5. As to that we think that the lower Courts are right. We think that even if these papers are evidence, they are not conclusive evidence, and as to their probative value, that was a matter for the Judges who had to try the question of fact; and both the Judges and the Munsifs thought that though they were evidence, their probative force, having regard to the mode in which the registers were kept, was slight, and therefore it was not safe to act upon them; and we cannot say they were wrong. But in saying this it must not be supposed that we think they are public documents at all under Section 35 of the Evidence Act. They are documents which are prepared in the zemindar's serishta by a person who is called the patwari, who is paid by the zemindar but approved by the Collector, and these registers are no doubt kept for the information of the, Collector. The question is, does that make them public books or records kept by a public servant in the discharge of his official duty? So far as we can see, they are not official or public documents, and a patwari does not appear to us to be a public servant or to have any official duty. He is a person who is a servant of the zemindar; his duties are performed in the serishta of the zemindar on information supplied by the zemindar and nobody else. It is true that the object of the books is to afford information to the Collector, but that does not make them binding as official records of the facts contained in them, so far as we can see. It appears to us that quite sufficient amount of importance was given to these documents, and it cannot be said that any error of law has been committed in not acting upon them.

6. The other point was, that in the first set of cases which were instituted in 1887, the Munsif declined to allow certain questions to be put to some of the witnesses, and the Subordinate Judge, in dealing with that objection, says he thinks that the questions ought to have been put, but does not think it necessary to remand the cases on that ground, because in his opinion, even if the answers had been what the appellant expected them to be, that would not have affected the merits of the case.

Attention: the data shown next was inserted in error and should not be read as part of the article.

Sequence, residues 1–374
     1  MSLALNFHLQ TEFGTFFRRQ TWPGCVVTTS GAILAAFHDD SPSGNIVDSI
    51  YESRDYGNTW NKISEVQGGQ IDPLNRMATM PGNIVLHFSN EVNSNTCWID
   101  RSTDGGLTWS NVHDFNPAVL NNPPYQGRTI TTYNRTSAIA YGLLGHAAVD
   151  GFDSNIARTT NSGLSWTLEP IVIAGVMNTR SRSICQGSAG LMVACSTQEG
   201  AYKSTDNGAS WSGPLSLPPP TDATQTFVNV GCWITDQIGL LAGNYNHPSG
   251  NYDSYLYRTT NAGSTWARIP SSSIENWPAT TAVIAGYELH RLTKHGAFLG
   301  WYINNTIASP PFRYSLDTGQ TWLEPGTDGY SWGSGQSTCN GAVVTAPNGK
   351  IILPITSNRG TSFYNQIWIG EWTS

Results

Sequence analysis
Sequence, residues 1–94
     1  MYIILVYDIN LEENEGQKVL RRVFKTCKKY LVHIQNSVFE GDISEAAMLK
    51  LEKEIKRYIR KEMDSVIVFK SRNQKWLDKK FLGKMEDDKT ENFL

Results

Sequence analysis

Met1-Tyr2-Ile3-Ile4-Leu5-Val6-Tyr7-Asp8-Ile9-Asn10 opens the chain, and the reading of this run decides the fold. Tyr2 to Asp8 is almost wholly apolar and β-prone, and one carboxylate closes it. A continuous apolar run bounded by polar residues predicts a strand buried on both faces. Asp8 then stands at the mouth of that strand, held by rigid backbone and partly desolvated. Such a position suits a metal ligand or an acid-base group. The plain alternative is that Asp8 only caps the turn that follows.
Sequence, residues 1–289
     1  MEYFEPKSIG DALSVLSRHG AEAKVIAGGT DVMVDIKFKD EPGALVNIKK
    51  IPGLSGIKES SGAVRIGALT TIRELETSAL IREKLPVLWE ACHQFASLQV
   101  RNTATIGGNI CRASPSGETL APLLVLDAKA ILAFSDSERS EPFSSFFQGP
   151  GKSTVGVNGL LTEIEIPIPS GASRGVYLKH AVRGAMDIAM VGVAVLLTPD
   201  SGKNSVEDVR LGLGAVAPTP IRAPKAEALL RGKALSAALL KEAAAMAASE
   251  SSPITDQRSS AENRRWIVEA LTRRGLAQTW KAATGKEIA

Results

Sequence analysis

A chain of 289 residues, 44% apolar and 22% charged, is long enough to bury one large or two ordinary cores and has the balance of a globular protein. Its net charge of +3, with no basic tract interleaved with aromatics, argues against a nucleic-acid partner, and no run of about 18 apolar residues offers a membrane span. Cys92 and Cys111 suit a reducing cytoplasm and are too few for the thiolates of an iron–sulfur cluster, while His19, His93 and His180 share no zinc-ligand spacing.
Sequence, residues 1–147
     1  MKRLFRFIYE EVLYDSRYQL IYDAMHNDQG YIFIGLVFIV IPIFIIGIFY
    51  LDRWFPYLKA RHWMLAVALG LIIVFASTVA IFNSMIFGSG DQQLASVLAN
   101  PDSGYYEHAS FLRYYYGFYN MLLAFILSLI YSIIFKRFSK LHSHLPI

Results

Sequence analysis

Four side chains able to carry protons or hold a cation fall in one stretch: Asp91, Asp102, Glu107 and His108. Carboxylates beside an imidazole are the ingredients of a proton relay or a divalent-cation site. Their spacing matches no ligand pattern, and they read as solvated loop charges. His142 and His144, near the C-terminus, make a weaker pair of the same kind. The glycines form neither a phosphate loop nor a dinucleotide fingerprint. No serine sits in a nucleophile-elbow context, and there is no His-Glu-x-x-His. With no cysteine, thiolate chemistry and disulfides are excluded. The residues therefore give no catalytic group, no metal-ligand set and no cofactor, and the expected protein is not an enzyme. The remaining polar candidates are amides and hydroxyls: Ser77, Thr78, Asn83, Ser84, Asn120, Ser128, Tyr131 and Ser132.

7. If the matter had stood there alone, no doubt a good deal might be said on behalf of the appellants to have the cases remanded in order to have those questions put to the witnesses; but, as 1 said just now, the same points that arose in those cases were tried over again in the other suits which were instituted in the year 1888. In these suits, those questions were put to the witnesses and answers obtained from them, but the answers did not affect the conclusions as to the facts which were arrived at both by the Munsif who heard these cases in the first instance or by the Subordinate Judge who heard them in appeal, they being different officers to those who heard the cases which were instituted in 1887.

8. We think that these are nothing but questions of fact which have been decided in these cases by the first Court of Appeal; that no error in law has been committed by that officer which has affected the decision of these questions of fact; and that all these appeals must be dismissed with costs.